Autism Movement Therapy (AMT) was created by Joanna Lara, a former special education teacher in California and now an adjunct professor in Special Education at National University. Designed to exist as a 45-minute class, AMT intends to work on sensory integration using music, movement, and language as a conduit for processing information across the two hemispheres of the brain. For example, a primary component of the choreographed class asks participants to make a sound in relation to their movement, such as fluttering the lips while raising both arms. This and other exercises demonstrated throughout the class encourage multi-tasking and facilitate multiple forms of communication. Choreographically, the standard AMT exercises work within the sagittal plane of the body, as the limbs often reach across the space to signify the connection between the two halves of the brain.
What I found most exciting about AMT was its reliance on improvisation and composition in addition to existing as a set of choreographed therapeutic exercises. Within each section of an AMT class (a warm-up, moving across and around the room, working in groups, and crafting a final phrase), participants are encouraged to move outside of the given patterns. This can include asking a participant to come to the front of the room and lead a short movement pattern of their choosing, or having participants find ways to embody their names and teach that phrase to the rest of the class. These directives are not laced with movement expectations. Instead, they provide space for interpretations that range from isolating body parts to moments of stillness. What Lara calls “The Sense Poem” is an advanced exercise for participants who have attended several sessions. Each participant constructs a sentence about a specific object or subject in relation to one of the five senses and then develops movement in conjunction with those words. By teaching the sentence to others in the class, participants collaboratively craft a group dance.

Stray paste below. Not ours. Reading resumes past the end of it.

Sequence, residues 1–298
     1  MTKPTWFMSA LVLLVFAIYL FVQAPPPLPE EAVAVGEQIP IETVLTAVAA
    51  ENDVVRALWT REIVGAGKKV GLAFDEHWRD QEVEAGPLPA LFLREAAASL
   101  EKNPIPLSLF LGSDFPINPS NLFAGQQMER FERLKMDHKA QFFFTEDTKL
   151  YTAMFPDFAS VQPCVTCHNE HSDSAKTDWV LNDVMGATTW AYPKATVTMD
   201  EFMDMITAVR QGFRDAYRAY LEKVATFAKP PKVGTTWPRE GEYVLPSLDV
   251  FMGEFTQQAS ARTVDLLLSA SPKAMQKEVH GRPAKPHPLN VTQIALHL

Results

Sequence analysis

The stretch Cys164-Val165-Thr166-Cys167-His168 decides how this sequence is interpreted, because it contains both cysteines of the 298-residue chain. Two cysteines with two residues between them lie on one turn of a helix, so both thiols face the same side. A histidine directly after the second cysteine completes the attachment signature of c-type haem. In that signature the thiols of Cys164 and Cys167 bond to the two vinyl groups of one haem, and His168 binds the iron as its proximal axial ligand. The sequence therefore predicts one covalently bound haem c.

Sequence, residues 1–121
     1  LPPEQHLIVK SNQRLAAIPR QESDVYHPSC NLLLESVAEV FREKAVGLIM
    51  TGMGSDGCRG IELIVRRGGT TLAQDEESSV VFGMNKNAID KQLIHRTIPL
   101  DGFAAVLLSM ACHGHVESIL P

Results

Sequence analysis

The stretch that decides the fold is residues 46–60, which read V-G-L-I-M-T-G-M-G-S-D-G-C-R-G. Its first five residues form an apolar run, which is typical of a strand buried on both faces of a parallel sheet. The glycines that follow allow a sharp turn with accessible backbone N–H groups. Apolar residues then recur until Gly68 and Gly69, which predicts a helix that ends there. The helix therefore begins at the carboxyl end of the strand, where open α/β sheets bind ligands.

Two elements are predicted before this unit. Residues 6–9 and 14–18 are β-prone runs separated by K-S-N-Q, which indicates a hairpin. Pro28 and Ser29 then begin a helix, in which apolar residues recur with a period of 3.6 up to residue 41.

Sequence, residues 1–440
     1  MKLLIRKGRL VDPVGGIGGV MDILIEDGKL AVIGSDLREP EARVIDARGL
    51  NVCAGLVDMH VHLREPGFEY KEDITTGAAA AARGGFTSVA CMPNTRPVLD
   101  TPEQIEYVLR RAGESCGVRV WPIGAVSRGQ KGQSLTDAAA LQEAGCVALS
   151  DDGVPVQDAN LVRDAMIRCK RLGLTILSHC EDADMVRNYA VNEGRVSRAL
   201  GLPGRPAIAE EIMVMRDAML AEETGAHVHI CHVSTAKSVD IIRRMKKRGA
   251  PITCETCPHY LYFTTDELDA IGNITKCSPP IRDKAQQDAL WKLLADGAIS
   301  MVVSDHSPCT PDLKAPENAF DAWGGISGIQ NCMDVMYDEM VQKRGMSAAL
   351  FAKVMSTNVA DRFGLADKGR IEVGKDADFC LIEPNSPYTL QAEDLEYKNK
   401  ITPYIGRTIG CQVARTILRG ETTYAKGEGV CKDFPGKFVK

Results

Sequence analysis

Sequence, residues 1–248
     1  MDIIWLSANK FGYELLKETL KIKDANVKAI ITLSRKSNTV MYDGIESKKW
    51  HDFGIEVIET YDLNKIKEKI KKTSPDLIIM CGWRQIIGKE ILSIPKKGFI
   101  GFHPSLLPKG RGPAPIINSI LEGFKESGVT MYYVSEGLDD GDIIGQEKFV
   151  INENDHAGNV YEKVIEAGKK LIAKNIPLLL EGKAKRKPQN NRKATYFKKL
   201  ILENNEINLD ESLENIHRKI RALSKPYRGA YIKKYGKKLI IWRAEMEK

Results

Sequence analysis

The composition tools offered in the class encourage choreographers, not technical masters, to emerge. Thinking on one’s feet, interpreting ideas, and working with others are some of the many skills facilitated by AMT, all of which are made more vivid when situated within the epistemologies of dance.